Housing, healthcare and proper northside representation have been the issues encountered by prospective TDs in recent weeks.
Constituents have 12 candidates to choose from, with all the major parties contesting for the seat along with independents.
The constituency started off as a five-seater when it was first established in 1981 but was reduced to four seats in 2007, with Fianna Fáil represented since the beginning.
The constituency itself stretches from parts of Bishopstown, the city centre island up through inner-city areas out to the suburbs of Glanmire, Blarney, Glounthaune, and Whitechurch and then into rural areas.
Voting got underway this morning at 7am and will end tonight at 10pm.
The counting of votes takes place tomorrow in Nemo Rangers with a result expected tomorrow night.
The Cork by-election remained relatively untouched by controversy until recently when rumours emerged that Cork North Central TD Dara Murphy (FG) is to resign before Christmas.
While Fine Gael have refused to confirm this, a number of candidates are annoyed that he did not resign earlier to allow constituents to choose two new TDs instead of one today.
Housing issues have been to the fore on the doorsteps in Cork North Central in recent weeks.
Many of the candidates themselves, as well as the Cork Chamber, highlighted urban living and new housing as the number one issue in the area.
“The number one issue we have encountered has undoubtedly been housing and that encompasses homelessness, younger families not being able to afford a mortgage, sky-rocketing rents, a lack of social, affordable and private housing,” said Cllr Padraig O’Sullivan (FF) who is aiming to keep the seat for his party following Billy Kelleher’s election to the European Parliament.
“It’s not the only issue but it’s the main one we encountered.” Sinn Fein’s candidate in the race, Cllr Thomas Gould, agreed that housing is the number one issue being discussed on the doorsteps and blamed Fine Gael and Fianna Fail for it.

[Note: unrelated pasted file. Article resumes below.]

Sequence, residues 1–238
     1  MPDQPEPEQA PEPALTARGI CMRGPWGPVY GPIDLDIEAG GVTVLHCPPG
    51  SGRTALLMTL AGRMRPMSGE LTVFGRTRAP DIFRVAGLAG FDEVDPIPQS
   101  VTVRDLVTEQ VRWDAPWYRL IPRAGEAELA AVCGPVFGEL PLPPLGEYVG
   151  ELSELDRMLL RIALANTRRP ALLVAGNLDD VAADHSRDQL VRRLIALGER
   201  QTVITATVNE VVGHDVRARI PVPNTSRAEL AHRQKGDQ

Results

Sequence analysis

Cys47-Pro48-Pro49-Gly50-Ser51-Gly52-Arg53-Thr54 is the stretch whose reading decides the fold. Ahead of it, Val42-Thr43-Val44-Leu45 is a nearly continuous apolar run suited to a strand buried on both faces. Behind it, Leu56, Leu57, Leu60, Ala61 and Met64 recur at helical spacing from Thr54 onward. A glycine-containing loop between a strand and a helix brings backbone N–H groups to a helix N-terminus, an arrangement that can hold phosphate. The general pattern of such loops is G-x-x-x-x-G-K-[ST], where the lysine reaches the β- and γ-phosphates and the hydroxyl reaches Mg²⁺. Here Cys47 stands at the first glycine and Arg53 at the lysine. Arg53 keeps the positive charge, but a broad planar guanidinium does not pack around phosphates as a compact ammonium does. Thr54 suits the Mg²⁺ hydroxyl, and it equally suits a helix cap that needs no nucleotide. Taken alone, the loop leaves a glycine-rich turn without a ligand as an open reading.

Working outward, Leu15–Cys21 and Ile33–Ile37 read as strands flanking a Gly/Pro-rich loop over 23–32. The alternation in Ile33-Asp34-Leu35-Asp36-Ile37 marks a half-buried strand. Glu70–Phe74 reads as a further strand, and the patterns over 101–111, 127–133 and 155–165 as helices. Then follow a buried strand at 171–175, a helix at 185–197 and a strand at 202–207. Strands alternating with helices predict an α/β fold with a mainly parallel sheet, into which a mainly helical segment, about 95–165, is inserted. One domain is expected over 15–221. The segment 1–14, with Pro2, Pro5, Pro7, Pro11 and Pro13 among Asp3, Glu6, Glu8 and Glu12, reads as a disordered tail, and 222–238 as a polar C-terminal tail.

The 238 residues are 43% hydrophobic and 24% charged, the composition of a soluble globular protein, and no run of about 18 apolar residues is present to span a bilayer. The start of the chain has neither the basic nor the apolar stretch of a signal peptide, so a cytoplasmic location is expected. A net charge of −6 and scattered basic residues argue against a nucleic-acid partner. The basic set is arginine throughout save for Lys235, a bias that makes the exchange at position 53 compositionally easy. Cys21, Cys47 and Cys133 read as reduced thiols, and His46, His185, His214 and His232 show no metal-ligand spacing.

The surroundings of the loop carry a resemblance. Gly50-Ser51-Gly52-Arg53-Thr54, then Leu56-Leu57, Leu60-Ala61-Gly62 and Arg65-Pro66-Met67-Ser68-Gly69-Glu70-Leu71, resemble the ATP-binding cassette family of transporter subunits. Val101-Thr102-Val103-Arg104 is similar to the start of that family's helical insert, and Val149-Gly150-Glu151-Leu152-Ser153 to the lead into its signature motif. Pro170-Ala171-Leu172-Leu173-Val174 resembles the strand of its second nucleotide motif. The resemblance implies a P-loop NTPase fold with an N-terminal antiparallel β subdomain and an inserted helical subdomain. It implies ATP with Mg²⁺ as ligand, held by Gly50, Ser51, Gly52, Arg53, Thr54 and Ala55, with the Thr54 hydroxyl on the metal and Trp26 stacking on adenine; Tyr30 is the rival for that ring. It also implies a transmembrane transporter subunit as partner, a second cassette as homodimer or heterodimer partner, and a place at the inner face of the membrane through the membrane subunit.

“For some people, it’s the lack of social housing - there are 5,000 people on the council’s waiting list and another 2,000 relying on Housing Assistance Payment, worried about the lack of housing,” he explained.
“A lot of people are also very concerned about the numbers of homeless people, especially children, in Cork and across Ireland.
“There are also issues in terms of the lack of affordable houses and the huge rents people are being forced to pay.” Fellow City Councillor and Labour candidate John Maher added:
“Housing is the main concern and it’s a complex one with the need for social housing and support for those who are renting and can’t afford their own home as well as private, affordable housing.
“Even the older people who have a house, they’re worried and angry for younger people who can’t get one - it’s the first thing they say,” he said.
“They’re worried about the kids who don’t have a house for Christmas.” The Fine Gael candidate in the race, Senator Colm Burke, was forced to defend his party’s record on housing in the region this week on the Tonight Show.
He responded to criticism by saying that 1,000 local authority houses are being built in Cork, including many on the northside.
Senator Burke pointed to a drop in unemployment in the constituency as well as recent school builds and extensions, a primary healthcare centre and housing projects underway in the constituency.
“On housing, we have built over 40 houses on the Harbour View Rd as part of an ongoing regeneration project,” he said.
“There’s another 43 to be completed by the end of December and on White Street, there’s 47 units to be built there.
“People want houses built but they want them built in a faster fashion and we have to up our game on that,” he added.
Senator Burke also pointed out the need to progress the affordable housing scheme and ensure that sites are identified on which to build affordable accommodation for young people seeking to live in Cork.
Healthcare issues and anti-social behaviour have also been to the fore on the doorsteps, with constituents keen to see hospital waiting lists addressed and more gardaí in the area.
Debates have seen political rivals butt heads over issues such as health, housing and public transport in recent weeks.
The by-election has also seen many party leaders get involved.